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The Tudor Tailor Interview


at the Phoenix Museum of Art

by Gael Stirler
(March, 2007)

Lady Anne Boleyn
by Lucas Horenbout
a Tudor fashion trendsetter

Last week I had the pleasure of attending a talk by the authors of the The Tudor Tailor (item CFP62556) at the Phoenix Museum of Art. Ninya (pronouced NIH-na) Mikhaila and Jane Malcolm-Davies kept the audience of costumers and reenactors stitched to our seats for two hours as they interpreted the lives of two women of the early 16th century through their relation to their garments and each other.

Jane portrayed Ann Lauther, a woman of the gentlemanly class who lived in Yorkshire with her husband on a stipend of only £100 a year! With that she could maintain a fine house and 12 servants. Ninya portrayed Kat Myldmay, a woman of the village, who occasionally worked for Ann Lauther on contract. She would assist the house servants one day a month for a year with the linen washing for the grand sum of 4 pence a year! She also made extra money by mending clothes and assisting in other chores when needed. Between this money and other sums earned by her husband and children, the family lived comfortably on less than £1 a year.

Ninya Mikhaila
as Kat Myldmay
in her Sunday Best

I was surprised to learn that a suit of clothing often cost as much as a Tudor person earned in a year. Jane explained that there were 12 shillings in a pound and 20 pence in a shilling. A yard of inexpensive wool to make a kirtle for Kat Myldmay was dear enough at 2 shillings and 8 pence and a kirtle took 3 yards of fabric. That cost more than a half year's wages for one garment. Kat could only afford one kirtle and had to wear it everyday! But she could dress it up with accessories. She also owned two aprons, two linen head scarves called "yard squares," a pair of detachable sleeves of green wool broadcloth, a partlet of black worsted wool, and a felted knit flat cap. She would only wear the nicer accessories on Sunday when she went to church. Ninya explained that the wool garments never were washed in water so they lasted a long time with care, so Kat Myldmay was very careful with her clothing. Everyone wore linen undergarments like smocks, shirts, and chemises to keep body oils and sweat from the outer garments. Kat owned three linen chemises—one to wear, one to wash, and one nice smock for Sunday. The kirtle and sleeves were lined with linen, too, which could be replaced when it became worn and soiled. This was called "freshing" the garments.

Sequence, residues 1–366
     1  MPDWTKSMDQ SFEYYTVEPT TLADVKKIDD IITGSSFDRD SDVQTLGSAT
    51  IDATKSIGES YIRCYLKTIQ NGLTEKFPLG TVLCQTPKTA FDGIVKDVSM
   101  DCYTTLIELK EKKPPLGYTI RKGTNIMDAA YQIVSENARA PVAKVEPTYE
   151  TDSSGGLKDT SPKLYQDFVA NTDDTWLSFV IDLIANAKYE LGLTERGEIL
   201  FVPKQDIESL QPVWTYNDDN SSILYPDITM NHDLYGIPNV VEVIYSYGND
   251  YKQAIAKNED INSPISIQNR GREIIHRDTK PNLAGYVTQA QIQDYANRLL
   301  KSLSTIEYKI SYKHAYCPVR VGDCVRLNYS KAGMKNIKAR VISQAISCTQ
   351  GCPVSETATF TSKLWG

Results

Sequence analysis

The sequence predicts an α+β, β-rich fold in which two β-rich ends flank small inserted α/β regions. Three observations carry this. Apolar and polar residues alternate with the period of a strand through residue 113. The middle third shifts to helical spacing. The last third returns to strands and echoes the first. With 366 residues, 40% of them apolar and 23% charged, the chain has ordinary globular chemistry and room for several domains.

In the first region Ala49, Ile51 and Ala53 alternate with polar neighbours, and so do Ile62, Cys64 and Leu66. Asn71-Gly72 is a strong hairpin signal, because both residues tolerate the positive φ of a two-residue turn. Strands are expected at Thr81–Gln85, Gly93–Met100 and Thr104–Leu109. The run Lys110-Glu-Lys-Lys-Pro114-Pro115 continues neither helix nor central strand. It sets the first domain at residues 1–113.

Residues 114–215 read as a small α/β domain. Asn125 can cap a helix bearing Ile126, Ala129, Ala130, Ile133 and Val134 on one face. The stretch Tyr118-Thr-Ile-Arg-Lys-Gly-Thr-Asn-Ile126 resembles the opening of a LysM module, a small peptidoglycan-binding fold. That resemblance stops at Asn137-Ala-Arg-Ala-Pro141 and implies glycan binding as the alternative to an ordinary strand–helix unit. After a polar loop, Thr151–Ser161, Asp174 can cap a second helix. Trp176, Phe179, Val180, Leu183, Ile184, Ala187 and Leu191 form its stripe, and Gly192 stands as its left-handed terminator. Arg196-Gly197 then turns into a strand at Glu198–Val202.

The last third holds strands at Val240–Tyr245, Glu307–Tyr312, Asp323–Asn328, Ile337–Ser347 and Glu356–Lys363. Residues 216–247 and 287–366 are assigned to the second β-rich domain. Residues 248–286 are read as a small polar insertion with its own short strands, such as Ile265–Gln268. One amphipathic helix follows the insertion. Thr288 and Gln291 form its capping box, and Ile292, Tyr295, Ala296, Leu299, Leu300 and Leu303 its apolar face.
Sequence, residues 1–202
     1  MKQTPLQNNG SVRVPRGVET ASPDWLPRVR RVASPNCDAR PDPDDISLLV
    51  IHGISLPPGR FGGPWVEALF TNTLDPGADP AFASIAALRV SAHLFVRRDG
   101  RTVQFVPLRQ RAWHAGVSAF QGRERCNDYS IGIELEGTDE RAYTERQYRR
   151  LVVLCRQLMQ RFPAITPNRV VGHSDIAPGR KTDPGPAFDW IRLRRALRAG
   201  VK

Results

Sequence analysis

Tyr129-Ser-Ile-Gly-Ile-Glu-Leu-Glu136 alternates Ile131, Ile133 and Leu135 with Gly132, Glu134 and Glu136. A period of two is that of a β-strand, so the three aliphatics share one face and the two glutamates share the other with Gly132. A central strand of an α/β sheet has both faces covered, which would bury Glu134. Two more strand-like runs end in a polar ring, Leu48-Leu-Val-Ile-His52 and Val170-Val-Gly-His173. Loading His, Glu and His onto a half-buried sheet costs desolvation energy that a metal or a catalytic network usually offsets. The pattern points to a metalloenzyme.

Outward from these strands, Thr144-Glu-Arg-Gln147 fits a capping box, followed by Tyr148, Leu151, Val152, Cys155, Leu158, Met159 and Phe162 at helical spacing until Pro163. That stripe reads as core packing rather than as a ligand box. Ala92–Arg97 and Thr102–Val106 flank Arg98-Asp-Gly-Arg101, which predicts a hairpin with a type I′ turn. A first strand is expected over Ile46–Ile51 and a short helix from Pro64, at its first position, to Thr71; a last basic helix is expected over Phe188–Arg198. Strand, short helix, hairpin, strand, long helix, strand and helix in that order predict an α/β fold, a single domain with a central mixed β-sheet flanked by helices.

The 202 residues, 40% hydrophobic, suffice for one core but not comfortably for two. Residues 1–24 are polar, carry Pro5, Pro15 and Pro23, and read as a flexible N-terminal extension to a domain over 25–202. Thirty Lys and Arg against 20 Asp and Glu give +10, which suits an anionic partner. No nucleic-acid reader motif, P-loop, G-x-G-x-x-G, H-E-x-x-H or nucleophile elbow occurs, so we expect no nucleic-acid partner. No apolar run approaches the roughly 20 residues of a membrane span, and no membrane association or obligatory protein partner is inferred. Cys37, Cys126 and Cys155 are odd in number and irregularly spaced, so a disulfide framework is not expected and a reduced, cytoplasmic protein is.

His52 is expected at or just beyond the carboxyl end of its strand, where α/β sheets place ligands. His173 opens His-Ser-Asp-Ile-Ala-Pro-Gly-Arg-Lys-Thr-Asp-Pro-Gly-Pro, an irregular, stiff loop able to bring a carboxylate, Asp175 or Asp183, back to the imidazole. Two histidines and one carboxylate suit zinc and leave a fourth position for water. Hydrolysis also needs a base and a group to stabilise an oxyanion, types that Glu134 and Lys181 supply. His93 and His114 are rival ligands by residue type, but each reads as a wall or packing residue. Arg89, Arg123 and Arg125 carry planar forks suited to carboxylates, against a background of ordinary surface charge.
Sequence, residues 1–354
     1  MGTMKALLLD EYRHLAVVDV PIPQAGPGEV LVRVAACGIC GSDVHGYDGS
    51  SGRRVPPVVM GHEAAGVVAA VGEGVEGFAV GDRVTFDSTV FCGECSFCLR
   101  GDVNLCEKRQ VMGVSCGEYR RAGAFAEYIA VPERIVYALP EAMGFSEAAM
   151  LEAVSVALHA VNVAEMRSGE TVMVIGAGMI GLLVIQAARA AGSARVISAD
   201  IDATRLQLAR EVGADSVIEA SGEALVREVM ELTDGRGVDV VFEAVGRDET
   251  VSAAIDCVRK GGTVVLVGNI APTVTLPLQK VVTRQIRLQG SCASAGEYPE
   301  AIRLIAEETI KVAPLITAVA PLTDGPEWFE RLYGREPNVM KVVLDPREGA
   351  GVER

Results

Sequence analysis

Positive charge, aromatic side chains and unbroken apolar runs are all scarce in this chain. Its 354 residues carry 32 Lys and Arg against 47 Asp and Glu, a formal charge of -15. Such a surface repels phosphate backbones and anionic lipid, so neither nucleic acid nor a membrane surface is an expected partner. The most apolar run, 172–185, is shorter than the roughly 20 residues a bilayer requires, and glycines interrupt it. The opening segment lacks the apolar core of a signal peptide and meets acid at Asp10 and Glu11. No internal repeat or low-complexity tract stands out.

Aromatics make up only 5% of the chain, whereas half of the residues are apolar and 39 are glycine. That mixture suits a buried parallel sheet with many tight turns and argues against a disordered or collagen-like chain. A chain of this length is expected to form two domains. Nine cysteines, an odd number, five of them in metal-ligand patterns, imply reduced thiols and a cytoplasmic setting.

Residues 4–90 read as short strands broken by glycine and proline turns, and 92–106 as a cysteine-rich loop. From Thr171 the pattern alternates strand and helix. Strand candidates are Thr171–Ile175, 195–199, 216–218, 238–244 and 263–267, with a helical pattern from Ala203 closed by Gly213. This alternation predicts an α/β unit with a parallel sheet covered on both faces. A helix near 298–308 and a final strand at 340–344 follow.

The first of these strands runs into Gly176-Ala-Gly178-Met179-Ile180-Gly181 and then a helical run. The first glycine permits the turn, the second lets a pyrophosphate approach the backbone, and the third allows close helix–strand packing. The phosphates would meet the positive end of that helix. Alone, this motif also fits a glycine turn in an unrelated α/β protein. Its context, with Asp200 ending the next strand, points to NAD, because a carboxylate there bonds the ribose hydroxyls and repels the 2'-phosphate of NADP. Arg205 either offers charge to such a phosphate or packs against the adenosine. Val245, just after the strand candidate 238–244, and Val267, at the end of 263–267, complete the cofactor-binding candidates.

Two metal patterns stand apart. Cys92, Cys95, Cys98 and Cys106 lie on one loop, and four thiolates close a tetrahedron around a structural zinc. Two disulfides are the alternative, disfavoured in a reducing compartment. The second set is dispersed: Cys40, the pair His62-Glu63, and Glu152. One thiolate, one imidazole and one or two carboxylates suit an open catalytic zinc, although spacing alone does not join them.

Jane Malcolm-Davies
As Ann Lauther demonstrating
pinning a Tudor gown

Jane's character, Ann, had to dress more elegantly as the mistress of a big household. Even so, she only owned one black silk gown which she wore to church and on special occasions. In the demonstrations Ann asked Kat to attend her while her own maids were not available. As Ann changed out of her everyday clothing and into her finery, the two authors lectured on clothing, economics, social customs, and English history, sometimes speaking as their characters and sometimes as narrators. Under Ann's loose robe and surcoat she was wearing her chemise and a light wool kirtle. The kirtle, which was also called a petticoat by Tudors, was a combination skirt and fitted bodice with narrow straps over the shoulders that was worn as a foundation garment. It laced in the front. The most amazing fact they discovered was that of all the kirtles mentioned in wills, inventories, and bills of sale, a full 89% were some shade of red.

A French hood
with a gold frill and garnets on the billiment